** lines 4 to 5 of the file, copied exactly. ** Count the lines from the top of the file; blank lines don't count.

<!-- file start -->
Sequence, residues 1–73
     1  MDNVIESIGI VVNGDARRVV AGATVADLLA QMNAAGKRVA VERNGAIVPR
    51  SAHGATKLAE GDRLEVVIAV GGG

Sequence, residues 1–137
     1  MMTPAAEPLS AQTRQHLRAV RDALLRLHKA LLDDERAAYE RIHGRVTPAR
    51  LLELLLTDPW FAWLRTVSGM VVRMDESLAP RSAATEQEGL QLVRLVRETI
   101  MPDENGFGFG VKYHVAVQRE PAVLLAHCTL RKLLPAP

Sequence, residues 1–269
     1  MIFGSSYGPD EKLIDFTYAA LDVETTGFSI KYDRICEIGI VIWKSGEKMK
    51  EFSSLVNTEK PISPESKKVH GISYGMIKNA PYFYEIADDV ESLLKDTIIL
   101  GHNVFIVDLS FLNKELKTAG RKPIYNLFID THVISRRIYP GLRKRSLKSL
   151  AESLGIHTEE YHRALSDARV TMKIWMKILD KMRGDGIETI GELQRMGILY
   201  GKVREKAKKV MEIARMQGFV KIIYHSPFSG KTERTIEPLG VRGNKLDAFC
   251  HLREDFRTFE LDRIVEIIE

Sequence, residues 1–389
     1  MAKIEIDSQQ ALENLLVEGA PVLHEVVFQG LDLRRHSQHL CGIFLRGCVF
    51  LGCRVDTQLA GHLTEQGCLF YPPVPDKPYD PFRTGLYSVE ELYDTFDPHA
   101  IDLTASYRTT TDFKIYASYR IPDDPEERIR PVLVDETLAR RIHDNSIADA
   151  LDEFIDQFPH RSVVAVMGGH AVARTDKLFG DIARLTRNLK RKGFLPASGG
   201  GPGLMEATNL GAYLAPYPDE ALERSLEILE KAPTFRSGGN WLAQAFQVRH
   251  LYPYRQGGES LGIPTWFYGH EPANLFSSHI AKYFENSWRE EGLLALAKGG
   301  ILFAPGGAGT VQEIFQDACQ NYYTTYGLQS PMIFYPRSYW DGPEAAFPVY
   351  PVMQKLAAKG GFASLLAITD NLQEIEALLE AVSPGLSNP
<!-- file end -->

Sequence, residues 1–137
     1  MMTPAAEPLS AQTRQHLRAV RDALLRLHKA LLDDERAAYE RIHGRVTPAR